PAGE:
Top five horror books for Halloween

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“Bunny” by Mona Awad 

Samantha is in an elite MFA prose program, and the other young women in her cohort are in a clique. She hates them so much that she calls them a portmanteau of an explicative beginning with the letter “c” and “escapades” and refers to them with pejorative, yet playful, monikers in place of their real names – at least in her internal monologue. Awad claims Samantha is “not an unreliable narrator, but fans think otherwise. Honestly, this novel achieves what the movie “Jennifer’s Body” could not. It’s comedy, dark academia, magical realism and metafiction. And it’s super weird.  

“I’m Thinking of Ending Things” by Iain Reid 

Plot-wise, it is difficult to describe exactly what occurs in this novel, as almost anything could be a potential spoiler. There is one scene at the beginning about the metaphysical nature of a plant, which sends you, the reader, on a journey that makes you question your sense of reality. The subgenre of horror it falls into is “psychological,” and there is little-to-no gore, but it is absolutely terrifying. Based on the novel’s content, I have no idea how it was conceivably possible for Netflix to execute the movie adaptation.  

“Uzumaki” by Junji Ito 

Picking a favorite Junji Ito manga is like picking a favorite child, but for the sake of this article, let’s highlight “Uzumaki.” It investigates the question: How can spirals be scary? Spirals are haunting the town of Kurouzo-cho. A simple, seemingly innocuous visual pattern becomes unsettling when it causes Shuichi’s parents’ mental health to, well, take a downward spiral. Each chapter explores the different ways spirals can unnaturally manipulate the body, leaving gory images.  

“The Girl Who Loved Tom Gordon” by Stephen King 

Nine-year-old Trisha gets lost in the woods, alone, with just her Walkman and backpack. Most of the story is just her, without interaction with any other characters, however, she does tell her mother and her brother Pete, at the beginning, that she has to walk off of the trail ”to pee,” which is the catalyst for the rest of the plot. King brings insight to Trisha’s thoughts and fears about her surroundings, interspersed with memories from before she got lost and her reflections on them.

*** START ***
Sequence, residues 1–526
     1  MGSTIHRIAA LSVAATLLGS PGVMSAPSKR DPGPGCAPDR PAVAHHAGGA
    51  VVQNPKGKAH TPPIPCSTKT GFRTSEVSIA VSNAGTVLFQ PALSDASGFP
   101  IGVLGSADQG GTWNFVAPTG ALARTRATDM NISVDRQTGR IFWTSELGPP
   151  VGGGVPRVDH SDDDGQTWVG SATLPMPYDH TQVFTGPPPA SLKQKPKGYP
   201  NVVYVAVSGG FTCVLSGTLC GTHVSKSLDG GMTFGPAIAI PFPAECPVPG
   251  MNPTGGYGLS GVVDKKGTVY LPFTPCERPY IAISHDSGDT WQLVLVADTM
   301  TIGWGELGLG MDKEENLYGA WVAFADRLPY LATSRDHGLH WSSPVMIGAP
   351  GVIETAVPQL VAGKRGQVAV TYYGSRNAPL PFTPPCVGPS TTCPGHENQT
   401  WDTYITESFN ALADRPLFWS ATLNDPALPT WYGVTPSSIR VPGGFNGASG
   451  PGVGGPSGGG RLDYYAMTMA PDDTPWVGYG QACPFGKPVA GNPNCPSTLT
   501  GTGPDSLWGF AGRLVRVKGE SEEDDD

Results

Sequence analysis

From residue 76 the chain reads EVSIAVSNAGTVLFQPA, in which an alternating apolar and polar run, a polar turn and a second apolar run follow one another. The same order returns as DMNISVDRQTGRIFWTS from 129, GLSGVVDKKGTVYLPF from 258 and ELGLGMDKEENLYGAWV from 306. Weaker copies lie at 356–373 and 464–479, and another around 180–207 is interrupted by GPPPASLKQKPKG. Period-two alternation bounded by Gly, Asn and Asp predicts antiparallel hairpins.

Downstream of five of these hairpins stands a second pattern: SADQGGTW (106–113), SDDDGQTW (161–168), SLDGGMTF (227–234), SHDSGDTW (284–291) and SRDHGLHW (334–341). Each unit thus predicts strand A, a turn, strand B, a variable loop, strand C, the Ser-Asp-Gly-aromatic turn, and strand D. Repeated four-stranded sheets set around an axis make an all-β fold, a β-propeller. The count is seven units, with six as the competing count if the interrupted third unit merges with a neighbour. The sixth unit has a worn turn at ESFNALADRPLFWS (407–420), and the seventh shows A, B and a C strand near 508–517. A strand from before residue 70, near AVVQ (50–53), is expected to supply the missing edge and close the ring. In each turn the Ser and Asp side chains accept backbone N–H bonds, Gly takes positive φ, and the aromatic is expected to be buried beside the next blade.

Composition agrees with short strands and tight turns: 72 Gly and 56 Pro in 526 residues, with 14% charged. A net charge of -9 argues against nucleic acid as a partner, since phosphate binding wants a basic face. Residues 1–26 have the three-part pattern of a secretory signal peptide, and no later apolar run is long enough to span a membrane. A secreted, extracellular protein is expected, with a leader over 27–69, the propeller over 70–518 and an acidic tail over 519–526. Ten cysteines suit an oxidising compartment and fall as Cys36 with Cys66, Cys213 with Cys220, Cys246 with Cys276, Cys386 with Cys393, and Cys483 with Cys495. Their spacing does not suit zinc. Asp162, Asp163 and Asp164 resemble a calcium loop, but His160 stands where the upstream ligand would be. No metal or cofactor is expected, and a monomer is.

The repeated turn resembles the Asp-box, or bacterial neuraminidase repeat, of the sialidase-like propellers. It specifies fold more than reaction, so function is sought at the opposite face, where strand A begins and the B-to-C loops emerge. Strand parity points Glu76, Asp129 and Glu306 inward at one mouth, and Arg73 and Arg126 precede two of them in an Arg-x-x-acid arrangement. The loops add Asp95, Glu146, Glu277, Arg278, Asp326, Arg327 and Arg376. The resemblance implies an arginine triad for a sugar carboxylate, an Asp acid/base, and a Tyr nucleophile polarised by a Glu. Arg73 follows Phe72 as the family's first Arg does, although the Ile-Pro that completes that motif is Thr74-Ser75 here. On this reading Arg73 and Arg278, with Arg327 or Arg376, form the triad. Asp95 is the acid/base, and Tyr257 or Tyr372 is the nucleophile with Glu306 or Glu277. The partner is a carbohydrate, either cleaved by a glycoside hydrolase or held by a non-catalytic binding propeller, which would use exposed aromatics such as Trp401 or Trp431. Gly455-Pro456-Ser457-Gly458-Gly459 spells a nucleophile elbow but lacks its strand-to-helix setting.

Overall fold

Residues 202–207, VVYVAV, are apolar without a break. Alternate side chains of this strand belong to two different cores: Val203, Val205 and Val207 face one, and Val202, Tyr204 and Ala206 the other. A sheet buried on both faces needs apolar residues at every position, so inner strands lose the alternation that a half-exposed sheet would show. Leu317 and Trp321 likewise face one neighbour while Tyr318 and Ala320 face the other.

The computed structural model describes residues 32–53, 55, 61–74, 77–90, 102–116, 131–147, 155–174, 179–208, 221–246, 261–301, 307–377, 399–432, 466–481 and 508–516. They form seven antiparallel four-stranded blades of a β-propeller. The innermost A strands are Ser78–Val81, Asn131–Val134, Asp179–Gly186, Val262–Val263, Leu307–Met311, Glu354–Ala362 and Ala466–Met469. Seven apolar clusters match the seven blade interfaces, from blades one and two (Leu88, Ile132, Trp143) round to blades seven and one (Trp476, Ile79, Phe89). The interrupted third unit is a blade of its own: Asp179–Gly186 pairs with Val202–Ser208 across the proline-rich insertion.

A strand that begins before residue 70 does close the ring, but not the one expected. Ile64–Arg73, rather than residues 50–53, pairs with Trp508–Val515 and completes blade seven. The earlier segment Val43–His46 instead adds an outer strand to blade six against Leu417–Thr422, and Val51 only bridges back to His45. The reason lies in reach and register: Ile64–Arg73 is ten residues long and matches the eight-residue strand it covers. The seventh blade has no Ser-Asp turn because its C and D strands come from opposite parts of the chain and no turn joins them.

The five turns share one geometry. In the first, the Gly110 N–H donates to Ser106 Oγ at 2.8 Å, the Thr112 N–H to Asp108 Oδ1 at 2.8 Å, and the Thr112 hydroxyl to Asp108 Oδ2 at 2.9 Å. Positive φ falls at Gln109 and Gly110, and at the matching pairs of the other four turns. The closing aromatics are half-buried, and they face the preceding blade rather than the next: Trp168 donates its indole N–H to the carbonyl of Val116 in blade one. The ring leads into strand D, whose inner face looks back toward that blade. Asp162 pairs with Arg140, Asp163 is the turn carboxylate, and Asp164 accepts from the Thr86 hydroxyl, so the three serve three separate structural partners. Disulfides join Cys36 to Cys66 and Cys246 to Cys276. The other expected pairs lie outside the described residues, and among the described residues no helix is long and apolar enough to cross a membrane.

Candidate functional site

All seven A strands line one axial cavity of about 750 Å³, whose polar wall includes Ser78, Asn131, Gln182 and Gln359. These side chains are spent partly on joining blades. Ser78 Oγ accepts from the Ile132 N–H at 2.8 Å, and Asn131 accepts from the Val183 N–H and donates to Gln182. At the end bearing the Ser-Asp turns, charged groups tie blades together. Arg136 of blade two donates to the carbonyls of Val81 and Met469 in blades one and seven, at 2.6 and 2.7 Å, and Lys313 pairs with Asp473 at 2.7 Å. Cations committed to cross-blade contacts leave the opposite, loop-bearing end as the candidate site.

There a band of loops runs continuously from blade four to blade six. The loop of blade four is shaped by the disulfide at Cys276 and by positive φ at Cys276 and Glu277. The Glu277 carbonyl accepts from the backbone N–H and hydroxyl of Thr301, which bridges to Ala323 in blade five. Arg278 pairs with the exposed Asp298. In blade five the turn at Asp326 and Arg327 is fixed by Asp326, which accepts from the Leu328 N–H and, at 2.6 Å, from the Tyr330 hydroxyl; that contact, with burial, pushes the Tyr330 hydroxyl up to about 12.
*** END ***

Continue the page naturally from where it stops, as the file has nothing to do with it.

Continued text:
“My Heart Is a Chainsaw” by Stephen Graham Jones 

In this novel, it is easy to tell that Jones is an academic, but he’s not pretentious about it. His analyses of the slasher genre, filtered through the protagonist, Jade, are woven seamlessly into the plot. Jade is obsessed with slasher movies so much so that she hopes to actually be in one…until that is exactly what happens in her town of Proofrock, Idaho. As Jade is unraveling the mystery of who the killer is, Letha transfers to Jade’s high school at the end of senior year. Jade is convinced Letha must be the final girl, the conventionally attractive last survivor of a slasher who must kill the killer. As the plot of this work of metafiction ensues, you might question Jade’s mental stability and whether any of her beliefs about Proofrock being in a slasher are founded. However, this skepticism and uncertainty only adds to the anxiety that propels the tension of the book’s psychological aspect.  

Honorable mentions (books that were so disturbing that I had to stop reading them, but I want to pick up again): 

  • “The Troop” by Nick Cutter: This book was so gross that it inspired revulsion in me. The descriptions, adjectives and imagery made me unable to eat the cantaloupe in my fridge for several days.  
  • “The Thief of Always” by Clive Barker: I know this book is for children, but I was roughly 15 when I attempted to read it, and it negatively impacted my sleep schedule. Something about the manipulation of time.  
  • “Desperation” by Stephen King: When one of the characters is killed off, they are described as looking like they were sleeping. This made me paranoid for at least several months, to the point where I would neurotically check to ensure every sleeping person I saw wasn’t actually dead.  

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